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Better weather is coming. We promise. And when it does, you’ll want to be ready to ride. It takes strength to wrestle a motorcycle around curves. It takes agility to maintain balance. If you’re not fit, you’ll tire easily and that will decrease your ability to control your bike, your judgement, and your reaction time. Instead of pining for the feel of air on your face on the open road, take some time each day to keep fit to ride.
You can find several websites that offer workout tips, even full workout routines for motorcycle enthusiasts. (Remember to check with your doctor before starting a fitness regimen.) Look for these types of exercise and do the ones that appeal to you.
Strength training begins with the core or the torso: abdomen (stomach), lumbar (lower spine), chest, and shoulders. Motorcycle riders also need a lot of strength in their forearms and inner thighs. Don’t overestimate your abilities, here. Start with smaller weights and more repetitions and build up. Lift and lower weights slowly enough to feel your muscles work. It’s the resistance that matters, so rushing is counter-productive. And don’t forget to breathe—breathe out when you lift and breathe in when you lower the weight.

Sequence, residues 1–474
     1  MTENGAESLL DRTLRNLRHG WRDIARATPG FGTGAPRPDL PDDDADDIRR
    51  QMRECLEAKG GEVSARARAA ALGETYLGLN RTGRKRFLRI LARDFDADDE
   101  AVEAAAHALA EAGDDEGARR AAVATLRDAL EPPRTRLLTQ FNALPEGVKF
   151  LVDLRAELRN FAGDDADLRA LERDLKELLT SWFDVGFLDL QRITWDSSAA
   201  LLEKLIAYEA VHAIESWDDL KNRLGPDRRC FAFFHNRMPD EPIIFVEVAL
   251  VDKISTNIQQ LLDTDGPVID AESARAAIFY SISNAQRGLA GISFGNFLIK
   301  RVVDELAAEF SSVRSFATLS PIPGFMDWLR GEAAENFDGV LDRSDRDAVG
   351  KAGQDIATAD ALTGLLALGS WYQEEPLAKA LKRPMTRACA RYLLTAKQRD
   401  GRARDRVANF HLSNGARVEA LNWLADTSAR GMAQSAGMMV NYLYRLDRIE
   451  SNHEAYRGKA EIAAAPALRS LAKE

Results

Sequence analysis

You don’t need fancy weights to begin with. Milk or laundry soap containers filled with water (and the caps on) work well. A pint of water weighs a pound. When you buy weights, look for a set that you can handle for eight reps without too much trouble.
Skip a day between weight-training exercises to allow muscle to build. If an exercises asks you to work first one side and then the other, don’t alternate sides. Instead, do all the reps for one side, then do all the reps for the other side. Don’t stop between repetitions, except if it hurts. You don’t have to push past the “pain barrier.” If it hurts, dial back on the weight or the number of repetitions.
In addition to strength, motorcyclists need endurance, flexibility, and balance.
You can find workouts that motorcyclists can use to increase endurance (aerobic exercise) and flexibility on the Internet. Many riders say that bicycling is the best endurance training for motorcyclists, but it’s winter now. Instead, use your stairs. Up and down. Faster. Get that heartrate up! Don’t forget to stretch. Flexibility is very important for motorcycle riders. Consider yoga and do some weight work with your legs. Remember to warm up before you start stretching or you might injure yourself—walking works well.
Balance exercises are harder to find; the ones specifically for motorcyclists generally stress strengthening the core—and that is important. For more balance exercises, check out websites like this one. It isn’t just for seniors, that’s for sure. In fact, anyone who’s out of shape would be wise to start all their exercising using this website or others like it.